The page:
It was war, and time was growing later for them all.
January 11, 2014
A VG Serial: Night Side of Dark
The house was small, dark, and smelled of wood smoke and Limburger cheese. Lincoln and Celia walked into a cramped living room, separated from the kitchen area by a bare table, nothing more. The old man’s bedroom waited just down a short and narrow hallway. A man’s life, such as it was, had been reduced to fear of the light, a prayer when the sounds of guns reached the street outside, and three cluttered rooms. Books and old newspapers littered the floor. War did not always kill a man quickly. For most, death was little more than a tumorous growth that wrapped its tentacles around his throat and gently twisted until there was no breath left in his lungs. Man in his wisdom called it a dread of the unknown and mostly the unexpected.
A new log had been thrown on the fire, and the hearth glittered with the gold and burnt orange of flaming embers. The room was suffocating as though the heat had sucked out all the air and thrown it out into the cold. . The embers crackled as fire tore its way through green kindling, and the only other sound was made by splinters of wind leaking past the cracks in a broken window. The heat knocked it down as soon as it entered the room.
Shiman Kreisler slumped onto the sofa and nodded toward two wooden, straight-backed chairs across from him. His faded blue shirt hung on his skeletal frame as though it were two sizes too large. Once it had no doubt fit him, but that was long ago and before the war.. He had a pinched face with wire-frame spectacles hanging on a hawk nose. A patch of white hair wrapped around his balding crown. His pants had lost their color from too many washings. Holes had been patched with cardboard in the soles of his shoes.
“Who sent you to me?” he asked quitly.
Kreisler smiled softly. “A brave man,” he said. “Where did Ascher find you?”
“Was he looking for you?”
“He knew I was coming.”
Kreisler nodded. “He’s a dying man, you know.” His voice had no traces of pity or empathy. It was simply a statement of fact, a secret that no longer needed to be kept.
No one cared anymore.
A brilliant man’s time had come.
And now it was going.
No one other than Shiman Kreisler would miss him.
No one else knew him.
“We did not know he was dying.” It was Celia. Her voice was barely audible, lost in the crackling of the fire and the whine of the wind.
“Ascher was mistreated terribly by the Germans,” Kreisler said. “He told me he prayed to die and cursed God ever day because he remained among the living. He watched others die and did not know why he had been spared. It turned him into a bitter man, and then it turned him into a defiant one. The Germans would drag him to the edge of death with their experiments, then revive him again. An SS officer was in charge of the operation, or at least that’s what Ascher was led to believe.” Kreisler leaned back on the sofa and closed his eyes. The memories ran deep, and the old man suffered each time he tore back the ragged edges of his memory and forced himself to relive them. “Nazi doctors wanted to know how much a man could suffer before dying.” He shrugged.. “Ascher was a celebrated man, and, in the end, that’s why the doctors turned him loose. It was a political gesture and nothing else. He was the only one taken from the university who did not die. If others lived, he did not know about it or who they were.”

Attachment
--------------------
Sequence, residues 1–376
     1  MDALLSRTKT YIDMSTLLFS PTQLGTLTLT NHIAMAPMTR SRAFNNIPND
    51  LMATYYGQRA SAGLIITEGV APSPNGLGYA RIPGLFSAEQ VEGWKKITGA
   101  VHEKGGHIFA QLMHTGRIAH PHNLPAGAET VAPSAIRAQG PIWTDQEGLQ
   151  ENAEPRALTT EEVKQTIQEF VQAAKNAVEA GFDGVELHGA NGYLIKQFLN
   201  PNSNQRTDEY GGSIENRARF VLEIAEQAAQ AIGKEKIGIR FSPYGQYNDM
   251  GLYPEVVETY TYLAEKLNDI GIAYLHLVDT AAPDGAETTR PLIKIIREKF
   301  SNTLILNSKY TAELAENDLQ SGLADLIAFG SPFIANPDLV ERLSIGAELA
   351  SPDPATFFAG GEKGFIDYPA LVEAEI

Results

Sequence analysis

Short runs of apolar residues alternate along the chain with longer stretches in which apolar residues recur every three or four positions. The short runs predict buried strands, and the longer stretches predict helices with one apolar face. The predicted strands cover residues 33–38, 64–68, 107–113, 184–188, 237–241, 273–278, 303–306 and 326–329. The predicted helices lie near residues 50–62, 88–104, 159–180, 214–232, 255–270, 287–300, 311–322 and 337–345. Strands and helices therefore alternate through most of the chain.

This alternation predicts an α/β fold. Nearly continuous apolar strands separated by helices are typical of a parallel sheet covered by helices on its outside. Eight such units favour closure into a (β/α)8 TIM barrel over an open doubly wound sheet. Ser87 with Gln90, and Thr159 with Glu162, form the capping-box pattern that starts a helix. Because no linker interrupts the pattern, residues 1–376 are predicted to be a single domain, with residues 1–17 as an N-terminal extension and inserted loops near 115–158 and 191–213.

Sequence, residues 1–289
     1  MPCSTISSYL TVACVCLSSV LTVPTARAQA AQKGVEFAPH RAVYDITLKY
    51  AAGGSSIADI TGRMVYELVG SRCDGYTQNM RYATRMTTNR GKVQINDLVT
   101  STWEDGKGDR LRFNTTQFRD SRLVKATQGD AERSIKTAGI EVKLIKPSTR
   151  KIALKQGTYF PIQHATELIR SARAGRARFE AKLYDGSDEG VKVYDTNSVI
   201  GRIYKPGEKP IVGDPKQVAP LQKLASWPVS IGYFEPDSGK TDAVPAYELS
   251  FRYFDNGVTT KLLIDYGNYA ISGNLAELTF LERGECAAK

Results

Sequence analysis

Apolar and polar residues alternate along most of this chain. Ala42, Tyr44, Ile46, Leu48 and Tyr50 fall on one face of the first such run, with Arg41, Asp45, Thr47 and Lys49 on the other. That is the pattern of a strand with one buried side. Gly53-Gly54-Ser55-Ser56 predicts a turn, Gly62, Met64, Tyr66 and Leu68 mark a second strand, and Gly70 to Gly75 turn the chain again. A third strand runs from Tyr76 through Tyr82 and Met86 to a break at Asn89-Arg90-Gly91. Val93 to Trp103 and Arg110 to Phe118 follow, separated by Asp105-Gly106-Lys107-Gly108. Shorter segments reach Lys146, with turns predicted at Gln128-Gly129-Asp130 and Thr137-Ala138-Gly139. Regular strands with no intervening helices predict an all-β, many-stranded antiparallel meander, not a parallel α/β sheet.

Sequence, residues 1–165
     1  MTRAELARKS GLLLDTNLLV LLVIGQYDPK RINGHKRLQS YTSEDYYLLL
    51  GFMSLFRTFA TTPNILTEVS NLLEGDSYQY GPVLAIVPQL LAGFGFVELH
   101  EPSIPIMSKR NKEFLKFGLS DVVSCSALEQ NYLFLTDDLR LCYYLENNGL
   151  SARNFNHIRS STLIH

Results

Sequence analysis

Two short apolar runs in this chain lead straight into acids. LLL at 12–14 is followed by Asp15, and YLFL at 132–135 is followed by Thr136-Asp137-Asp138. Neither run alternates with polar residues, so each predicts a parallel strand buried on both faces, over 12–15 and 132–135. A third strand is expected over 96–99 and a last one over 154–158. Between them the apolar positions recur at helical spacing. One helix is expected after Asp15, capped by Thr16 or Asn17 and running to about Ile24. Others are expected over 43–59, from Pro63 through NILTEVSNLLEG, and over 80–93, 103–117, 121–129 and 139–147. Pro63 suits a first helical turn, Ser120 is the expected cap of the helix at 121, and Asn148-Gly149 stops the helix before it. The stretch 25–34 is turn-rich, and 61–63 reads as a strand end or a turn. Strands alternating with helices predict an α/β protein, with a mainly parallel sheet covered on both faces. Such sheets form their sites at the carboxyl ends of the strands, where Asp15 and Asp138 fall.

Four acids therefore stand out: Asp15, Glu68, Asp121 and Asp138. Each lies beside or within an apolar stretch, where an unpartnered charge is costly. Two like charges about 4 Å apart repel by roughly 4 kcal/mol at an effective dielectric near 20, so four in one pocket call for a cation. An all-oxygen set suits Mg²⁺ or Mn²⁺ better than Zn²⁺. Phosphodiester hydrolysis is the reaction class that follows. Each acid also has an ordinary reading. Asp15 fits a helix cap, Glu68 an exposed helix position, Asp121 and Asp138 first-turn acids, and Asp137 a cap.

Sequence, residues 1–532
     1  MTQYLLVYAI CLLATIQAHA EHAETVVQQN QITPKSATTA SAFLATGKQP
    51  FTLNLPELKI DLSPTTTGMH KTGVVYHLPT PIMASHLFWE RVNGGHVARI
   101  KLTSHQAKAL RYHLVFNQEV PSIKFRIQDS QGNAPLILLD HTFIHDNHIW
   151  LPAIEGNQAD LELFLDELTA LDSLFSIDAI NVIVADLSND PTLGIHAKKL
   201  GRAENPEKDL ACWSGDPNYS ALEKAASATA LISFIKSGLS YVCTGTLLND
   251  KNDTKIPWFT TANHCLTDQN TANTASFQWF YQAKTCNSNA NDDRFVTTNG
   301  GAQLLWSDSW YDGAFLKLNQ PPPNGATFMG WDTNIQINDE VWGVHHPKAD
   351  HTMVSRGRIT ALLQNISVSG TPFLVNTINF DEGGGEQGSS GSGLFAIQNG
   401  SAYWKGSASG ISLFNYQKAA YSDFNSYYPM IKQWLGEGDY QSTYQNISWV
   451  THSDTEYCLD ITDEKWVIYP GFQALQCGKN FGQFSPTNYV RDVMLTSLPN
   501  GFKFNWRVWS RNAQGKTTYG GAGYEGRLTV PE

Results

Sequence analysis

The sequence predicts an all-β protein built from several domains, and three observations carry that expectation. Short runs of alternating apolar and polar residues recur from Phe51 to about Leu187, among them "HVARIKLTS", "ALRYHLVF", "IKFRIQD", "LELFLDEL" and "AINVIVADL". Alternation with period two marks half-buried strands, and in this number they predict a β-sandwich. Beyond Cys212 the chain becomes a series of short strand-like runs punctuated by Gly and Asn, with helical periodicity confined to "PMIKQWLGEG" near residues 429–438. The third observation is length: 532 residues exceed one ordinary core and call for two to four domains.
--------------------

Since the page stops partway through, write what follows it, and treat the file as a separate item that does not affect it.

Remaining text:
“How about those horrible tattoos on his face?” Again it was Celia.
“A cruel joke,” Kreisler said. “Ascher was one of the great art professors and historians in Europe. His reputation was known throughout Germany. The doctors were ordered to ask him about his nightmares, then tattoo the scenes he told them about on his skin as though it was painter’s canvas. The Nazi officer told him that his back would be framed and someday hang in the Louvre.”
A tear formed on Kreisler’s cheek.
He clenched his jaws.
The muscles in his face were twitching.
“Because he endured,” Kreisler said, “we will endure. They can drag us to the edge of death, as they took him day after day, night after night, but they cannot throw us all over the precipice. They will try, but they will not kill us all.”
The tears touched his words.
Lincoln waited in silence until Shiman Kreisler opened his eyes again.
It took two minutes and twelve seconds.
Lincoln could have been in a hurry.
It wouldn’t have done him any good.
“I apologize for being so rude,” Kreisler said at last. He took a deep breath as he fought his own demons to clear the agony and torment from his mind. He had left the netherworld and returned to the present. There was no difference between the two. His voice was stronger now. “Would either of you like a glass of wine. It’s vintage. It will turn the cold away for a time.”
Celia looked at Lincoln.
He shook his head.
Celia smiled. “No thank you,” she said.
“Do not worry about me,” the old man said. “I have more than I need, and a man who drinks alone has no reason to drink at all.”
“A small glass,” Celia said.
Again Lincoln shook his head. The night might last forever, and he would face it sober without the smell of wine on his breath. He could not afford to damage any cell in his mind. There were too many cells already missing.
Kreisler smiled at Celia, adjusted the wire-frame spectacles and squinted as he looked at the gray-faced clock hanging above the fireplace.
It had stopped.
It was no longer two-thirty, either day or night.
The time was later than that.
The time had grown later for them all.
Chapters of Night Side of Dark will be published on Saturday and Sunday.
Please click the title, Night Side of Dark, to read more about Caleb Pirtle III and his novels on Amazon.